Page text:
Equality and Diversity highlights from last week: World Pride celebrates its 40th anniversary in London – while sceptics argue that the Pride march has lost its meaning over the last four decades, supporters believe it is still a much needed protest; US journalist Anderson Cooper officially came out recently – he explains why coming out in the workplace is important; and, if you’re an unemployed ethnic minority woman, get in touch with the All Party Parliamentary Group on Race and Community for its inquiry into ethnic minority female unemployment.
Last weekend was World Pride in London. This year, the Pride march celebrated it’s 40th anniversary in the capital. The prime minister, David Cameron, said: “The UK has been judged to be the best country in Europe in which to live if you’re gay so it is great that World Pride is being celebrated here in London – especially during this diamond jubilee and Olympic year.”
The Pride march had its sceptics too – an editorial on the LGBT news website PinkNews questioned the usefulness of World Pride, arguing that it has become commercialised and entrenches the idea that LGBT people are ‘sex-crazed deviants’. John Peart, LSESU LGBT Officer, however doesn’t agree with this approach, “We must not forget what Pride is designed to do; it’s a protest…A protest for a future where we, as a community, are equals with the rest of the world. It’s about showing the world that some people are different, about celebrating those differences and, despite some people’s reluctance to accept the concept, the entire point is to ‘wave it in people’s faces’.”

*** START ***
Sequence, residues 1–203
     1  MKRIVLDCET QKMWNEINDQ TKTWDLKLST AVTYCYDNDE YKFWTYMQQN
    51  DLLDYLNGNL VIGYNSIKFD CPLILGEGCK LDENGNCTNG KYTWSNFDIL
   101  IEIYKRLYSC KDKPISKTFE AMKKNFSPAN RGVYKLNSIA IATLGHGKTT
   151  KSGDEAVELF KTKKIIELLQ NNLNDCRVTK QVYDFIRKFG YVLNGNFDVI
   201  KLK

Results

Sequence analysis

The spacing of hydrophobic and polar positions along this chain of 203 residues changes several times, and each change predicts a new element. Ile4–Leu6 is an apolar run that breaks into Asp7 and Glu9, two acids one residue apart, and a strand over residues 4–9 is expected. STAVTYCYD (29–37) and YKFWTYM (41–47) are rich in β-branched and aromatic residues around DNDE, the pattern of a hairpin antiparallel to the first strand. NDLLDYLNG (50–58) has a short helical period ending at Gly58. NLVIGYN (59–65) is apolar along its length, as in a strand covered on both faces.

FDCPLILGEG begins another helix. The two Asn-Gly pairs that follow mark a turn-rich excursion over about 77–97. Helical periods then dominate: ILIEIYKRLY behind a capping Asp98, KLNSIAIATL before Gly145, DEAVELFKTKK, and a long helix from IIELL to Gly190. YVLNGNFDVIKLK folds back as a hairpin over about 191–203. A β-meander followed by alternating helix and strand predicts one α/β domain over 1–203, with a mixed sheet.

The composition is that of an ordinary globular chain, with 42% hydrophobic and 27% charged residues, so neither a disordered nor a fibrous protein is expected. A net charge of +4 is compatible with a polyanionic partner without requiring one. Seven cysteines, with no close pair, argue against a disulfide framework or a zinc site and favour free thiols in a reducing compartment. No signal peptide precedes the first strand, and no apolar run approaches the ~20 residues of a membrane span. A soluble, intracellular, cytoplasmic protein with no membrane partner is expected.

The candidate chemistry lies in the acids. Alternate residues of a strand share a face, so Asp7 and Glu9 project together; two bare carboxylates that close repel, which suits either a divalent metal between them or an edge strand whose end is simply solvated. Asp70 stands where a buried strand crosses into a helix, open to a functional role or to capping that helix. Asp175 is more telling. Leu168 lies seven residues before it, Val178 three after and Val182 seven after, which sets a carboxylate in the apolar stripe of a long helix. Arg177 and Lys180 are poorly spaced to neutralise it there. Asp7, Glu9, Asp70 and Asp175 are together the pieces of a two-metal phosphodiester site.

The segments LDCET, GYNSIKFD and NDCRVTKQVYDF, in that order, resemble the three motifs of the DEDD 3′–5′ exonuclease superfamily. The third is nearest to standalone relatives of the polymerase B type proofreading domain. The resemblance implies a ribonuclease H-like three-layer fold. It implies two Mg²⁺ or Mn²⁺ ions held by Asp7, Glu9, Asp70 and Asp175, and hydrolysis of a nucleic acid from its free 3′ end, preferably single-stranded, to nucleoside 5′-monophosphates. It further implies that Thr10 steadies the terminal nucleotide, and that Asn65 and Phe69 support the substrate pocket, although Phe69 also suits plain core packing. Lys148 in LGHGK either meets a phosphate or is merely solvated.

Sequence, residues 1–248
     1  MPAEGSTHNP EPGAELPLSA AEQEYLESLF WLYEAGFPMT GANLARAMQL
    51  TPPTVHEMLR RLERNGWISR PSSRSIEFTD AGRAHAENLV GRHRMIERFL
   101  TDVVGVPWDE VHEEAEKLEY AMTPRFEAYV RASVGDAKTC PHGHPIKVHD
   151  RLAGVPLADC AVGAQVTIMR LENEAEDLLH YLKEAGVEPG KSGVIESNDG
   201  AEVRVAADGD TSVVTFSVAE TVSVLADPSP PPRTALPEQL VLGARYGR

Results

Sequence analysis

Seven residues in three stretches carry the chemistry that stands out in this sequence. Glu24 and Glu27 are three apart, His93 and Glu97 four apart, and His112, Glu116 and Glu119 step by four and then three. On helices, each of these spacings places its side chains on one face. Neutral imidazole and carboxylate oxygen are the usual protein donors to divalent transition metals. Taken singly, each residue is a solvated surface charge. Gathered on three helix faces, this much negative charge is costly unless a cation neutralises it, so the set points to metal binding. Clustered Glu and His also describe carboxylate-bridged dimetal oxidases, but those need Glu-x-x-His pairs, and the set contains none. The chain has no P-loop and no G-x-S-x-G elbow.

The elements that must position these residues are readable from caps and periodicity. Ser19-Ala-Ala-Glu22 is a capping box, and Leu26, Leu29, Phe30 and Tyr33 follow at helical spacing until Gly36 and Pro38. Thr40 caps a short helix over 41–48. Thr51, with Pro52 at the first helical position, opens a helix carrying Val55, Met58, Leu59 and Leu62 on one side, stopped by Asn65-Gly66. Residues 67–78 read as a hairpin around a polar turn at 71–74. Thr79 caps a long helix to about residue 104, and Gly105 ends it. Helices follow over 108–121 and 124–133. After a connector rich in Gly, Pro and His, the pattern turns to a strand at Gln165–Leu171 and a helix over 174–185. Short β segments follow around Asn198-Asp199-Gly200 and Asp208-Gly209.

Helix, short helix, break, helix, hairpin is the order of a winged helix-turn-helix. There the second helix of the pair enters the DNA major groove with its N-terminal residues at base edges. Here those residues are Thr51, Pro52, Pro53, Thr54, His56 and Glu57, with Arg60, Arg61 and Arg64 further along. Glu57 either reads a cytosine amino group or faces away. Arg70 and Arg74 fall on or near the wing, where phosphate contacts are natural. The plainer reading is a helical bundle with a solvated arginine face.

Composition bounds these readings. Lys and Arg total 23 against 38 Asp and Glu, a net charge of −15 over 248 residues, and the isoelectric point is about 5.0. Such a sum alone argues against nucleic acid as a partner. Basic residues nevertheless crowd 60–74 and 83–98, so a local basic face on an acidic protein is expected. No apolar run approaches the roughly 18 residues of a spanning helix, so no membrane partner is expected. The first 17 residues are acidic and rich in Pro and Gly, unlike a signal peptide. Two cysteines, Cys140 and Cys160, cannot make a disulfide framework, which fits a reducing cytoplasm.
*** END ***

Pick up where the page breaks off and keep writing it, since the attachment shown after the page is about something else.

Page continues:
Speaking of LGBT rights, Anderson Cooper, one of the biggest names in US TV journalism, recently confirmed that he is gay. This announcement of his sexuality raises the question of whether it matters if you are ‘officially’ out at work. Cooper believes that it’s important to come out: “In a perfect world, I don’t think it’s anyone else’s business, but I do think there is value in standing up and being counted.” Also, many LGBT people might feel the pressure to keep their private life extremely private at work (or resort to switching pronouns, concealing details etc.) and this can be detrimental to both the company and the employee.
Are you an ethnic minority woman experiencing unemployment? The All Party Parliamentary Group on Race and Community has opened its inquiry into ethnic minority female unemployment. The inquiry, led by group chair David Lammy MP, will attempt to determine why 20.5% of Pakistani/Bangladeshi women and 17.7% of Black women are unemployed compared to only 6.8% of White women. It will also seek to find ways to reduce these inequalities. The Group is looking for submissions from charities, businesses, social enterprises etc. They are also keen to hear from ethnic minority women who are experiencing unemployment, so get in touch.
Have anything to add? Write to Equality.and.Diversity@lse.ac.uk.